We realised it is not enough to make a centralised website. We need to take a different approach to imagining service experiences. We need to meet Londoners where they are. In Martin’s case, this means meeting him where he is in his journey, in his ability to identify and express his experiences. Secondly, it means bringing relevant information and services into the digital spaces he visits, so he’ll find help whether he goes looking for it deliberately or not.

Part 3: How can we deliver this?

Now that we had some insight into what users need, we asked: how can we deliver this?

A still from an animation that made to explain how the NHS is structured. Watch the full video:

The NHS has many strengths and challenges. Its scale gives it capacity, but also makes it slow to change. Its departments give it specialisation, but often create closed silos. Its processes promote quality, but can also create barriers to accessing services. Its professionals animate this infrastructure and provide the humanising force within the health system, but they struggle due to limited time and resources. As we learned, the current system is not reaching many of those in need.

A social media campaign designed to encourage conversation about mental wellbeing

Social media also has both strengths and challenges.

It’s quick to change but difficult to control. Information moves easily between open channels, but its quality is hard to assess. Access is immediate, but it’s also easy to quit. The vast network of digital citizens often has the time to interact, but their contributions are not necessarily healthy and can be dehumanising. As we know, social media has the attention of millions of Londoners.

We’re arguing that the strengths and challenges of the NHS and social media complement each other and can be combined to better meet Londoners’ needs. In short: integrate, don’t duplicate. This works on two levels. Firstly, Londoners already use Facebook, Whatsapp and sites like Netmums, to connect with peers and share information. Don’t duplicate channels. Secondly, mental health charities and local organisations already provide quality information and services. Don’t duplicate effort.

These insights led us to develop a vision for the future, a world in which mental wellbeing services are distributed into the environments where people already are.

We brought this vision to life with visual design, using Martin’s story as a starting point. We shared this vision of a distributed service, which challenged the initial assumption of a single centralised website. Our client accepted the challenge and made a video to explain the service to their stakeholders.

The video uses Martin's story to illustrate how the service reaches Londoners who might not actively seek help Watch video
The video uses Martin's story to illustrate how the service reaches Londoners who might not actively seek help

So, what impact can this have?

Remember, the systemic cost of poor mental wellbeing is immense and far-reaching. By meeting Londoners where they are and integrating delivery, we can reduce the cost on the system, whilst still reaching those that might not seek out help on their own.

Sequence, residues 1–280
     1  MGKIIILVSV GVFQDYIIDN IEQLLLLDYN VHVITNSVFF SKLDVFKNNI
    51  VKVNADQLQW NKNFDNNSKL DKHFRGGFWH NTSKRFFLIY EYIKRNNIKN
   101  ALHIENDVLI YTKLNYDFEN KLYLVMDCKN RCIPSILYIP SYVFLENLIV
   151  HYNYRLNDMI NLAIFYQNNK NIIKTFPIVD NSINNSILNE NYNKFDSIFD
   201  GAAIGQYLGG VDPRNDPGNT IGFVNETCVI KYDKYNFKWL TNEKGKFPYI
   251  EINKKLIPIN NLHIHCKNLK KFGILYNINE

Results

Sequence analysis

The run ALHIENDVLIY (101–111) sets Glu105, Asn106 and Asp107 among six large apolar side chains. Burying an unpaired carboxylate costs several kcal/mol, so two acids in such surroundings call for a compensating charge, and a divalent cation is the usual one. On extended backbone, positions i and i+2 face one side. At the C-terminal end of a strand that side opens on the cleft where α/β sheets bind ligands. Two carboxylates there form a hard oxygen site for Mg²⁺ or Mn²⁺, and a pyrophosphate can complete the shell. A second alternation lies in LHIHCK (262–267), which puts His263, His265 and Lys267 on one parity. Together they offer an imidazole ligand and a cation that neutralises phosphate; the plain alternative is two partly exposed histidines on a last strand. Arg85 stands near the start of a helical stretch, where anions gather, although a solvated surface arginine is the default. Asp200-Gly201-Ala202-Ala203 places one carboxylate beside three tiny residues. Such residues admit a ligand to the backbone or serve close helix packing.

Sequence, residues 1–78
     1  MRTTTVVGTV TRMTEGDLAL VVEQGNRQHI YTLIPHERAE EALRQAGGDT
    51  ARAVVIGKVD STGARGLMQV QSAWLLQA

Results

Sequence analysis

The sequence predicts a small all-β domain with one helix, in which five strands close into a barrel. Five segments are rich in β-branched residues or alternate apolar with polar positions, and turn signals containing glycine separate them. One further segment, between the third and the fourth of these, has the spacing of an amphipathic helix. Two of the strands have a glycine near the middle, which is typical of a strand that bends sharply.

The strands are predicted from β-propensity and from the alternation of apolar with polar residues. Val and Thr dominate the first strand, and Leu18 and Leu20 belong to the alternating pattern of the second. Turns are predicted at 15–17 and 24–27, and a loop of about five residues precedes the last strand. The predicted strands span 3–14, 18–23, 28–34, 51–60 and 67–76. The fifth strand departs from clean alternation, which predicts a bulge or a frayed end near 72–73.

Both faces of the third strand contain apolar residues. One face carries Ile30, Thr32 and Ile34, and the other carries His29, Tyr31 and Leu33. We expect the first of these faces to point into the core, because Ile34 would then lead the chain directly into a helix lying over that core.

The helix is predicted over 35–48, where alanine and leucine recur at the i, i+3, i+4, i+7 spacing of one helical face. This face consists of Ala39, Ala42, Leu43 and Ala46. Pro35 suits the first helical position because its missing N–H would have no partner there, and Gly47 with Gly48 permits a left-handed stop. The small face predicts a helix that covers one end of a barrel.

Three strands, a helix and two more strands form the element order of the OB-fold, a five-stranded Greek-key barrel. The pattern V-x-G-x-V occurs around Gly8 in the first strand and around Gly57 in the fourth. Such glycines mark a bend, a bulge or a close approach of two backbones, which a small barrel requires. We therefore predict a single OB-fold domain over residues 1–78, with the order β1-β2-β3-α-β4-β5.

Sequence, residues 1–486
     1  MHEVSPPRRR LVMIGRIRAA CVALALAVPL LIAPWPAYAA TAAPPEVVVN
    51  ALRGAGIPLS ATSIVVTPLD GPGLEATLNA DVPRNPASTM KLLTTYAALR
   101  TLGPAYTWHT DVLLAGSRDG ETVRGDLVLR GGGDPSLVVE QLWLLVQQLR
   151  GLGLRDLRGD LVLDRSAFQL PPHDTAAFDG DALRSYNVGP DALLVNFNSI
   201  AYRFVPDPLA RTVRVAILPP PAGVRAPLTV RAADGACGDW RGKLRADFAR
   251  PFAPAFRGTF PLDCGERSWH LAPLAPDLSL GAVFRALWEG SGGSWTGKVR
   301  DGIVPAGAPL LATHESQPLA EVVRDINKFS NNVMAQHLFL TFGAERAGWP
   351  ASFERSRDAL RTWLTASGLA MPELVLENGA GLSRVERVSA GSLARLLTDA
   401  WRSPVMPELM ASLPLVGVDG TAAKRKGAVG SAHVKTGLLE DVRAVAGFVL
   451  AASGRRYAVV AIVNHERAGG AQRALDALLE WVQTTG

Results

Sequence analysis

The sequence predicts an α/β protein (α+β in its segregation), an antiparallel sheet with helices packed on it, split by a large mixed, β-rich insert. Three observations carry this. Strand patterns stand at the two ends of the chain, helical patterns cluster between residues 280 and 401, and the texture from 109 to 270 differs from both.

It’s not easy to know what will help us. Some people benefit from meditation. Others exercise, try sleep apps or share their experiences in cafes or online forums. And of course, some people visit their GP and get referred for therapy. The key is connecting with information and services that work for you. The aim of this service is to facilitate that connection.

To test our hypothesis, the team conducted a small study. We wanted to learn more about engaging people online, so the project team created sleep-related ads, placing them on Google, Facebook and Twitter.

More than thirty-five-hundred people clicked on these, indicating that social media is an effective channel for reaching Londoners experiencing mental wellbeing challenges.

This is the first step towards using social media to scale the service, to connect Londoners with the information and services that can help them cope.

Part 4: But what about today?

As excited as we are for the development of this service, it will take time to be fully implemented.

So, for all of you currently experiencing stress, anxiety, low mood, and sleeplessness: what steps can you take today? You can connect with someone like you: find a forum or a local meetup. You can seek out information: connect with mental health charities or national health platforms. Or you can try a new service: download a meditation app or go on a retreat.

We also recognise that there are many degrees of mental wellbeing challenges. What some of you are experiencing might go far beyond what we have described here. If you feel you’re in a situation that is unsustainable, please reach out to someone. This could be your GP or a friend or family member. You can also call the Samaritans for free, for any reason, on 116 123.